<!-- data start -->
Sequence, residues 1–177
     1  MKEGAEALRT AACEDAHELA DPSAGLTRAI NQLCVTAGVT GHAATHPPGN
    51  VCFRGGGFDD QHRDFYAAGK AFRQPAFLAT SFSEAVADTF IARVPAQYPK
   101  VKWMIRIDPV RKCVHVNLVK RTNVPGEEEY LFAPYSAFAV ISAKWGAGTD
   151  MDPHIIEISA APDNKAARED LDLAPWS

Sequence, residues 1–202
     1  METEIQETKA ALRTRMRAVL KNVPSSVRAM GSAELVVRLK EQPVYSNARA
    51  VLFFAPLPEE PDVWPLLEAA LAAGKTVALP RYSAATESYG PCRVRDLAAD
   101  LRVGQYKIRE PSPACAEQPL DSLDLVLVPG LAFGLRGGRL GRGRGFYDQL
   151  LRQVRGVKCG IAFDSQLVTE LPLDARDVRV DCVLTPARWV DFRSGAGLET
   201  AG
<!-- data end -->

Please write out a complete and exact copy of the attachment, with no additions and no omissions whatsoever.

Sequence, residues 1–177
     1  MKEGAEALRT AACEDAHELA DPSAGLTRAI NQLCVTAGVT GHAATHPPGN
    51  VCFRGGGFDD QHRDFYAAGK AFRQPAFLAT SFSEAVADTF IARVPAQYPK
   101  VKWMIRIDPV RKCVHVNLVK RTNVPGEEEY LFAPYSAFAV ISAKWGAGTD
   151  MDPHIIEISA APDNKAARED LDLAPWS

Sequence, residues 1–202
     1  METEIQETKA ALRTRMRAVL KNVPSSVRAM GSAELVVRLK EQPVYSNARA
    51  VLFFAPLPEE PDVWPLLEAA LAAGKTVALP RYSAATESYG PCRVRDLAAD
   101  LRVGQYKIRE PSPACAEQPL DSLDLVLVPG LAFGLRGGRL GRGRGFYDQL
   151  LRQVRGVKCG IAFDSQLVTE LPLDARDVRV DCVLTPARWV DFRSGAGLET
   201  AG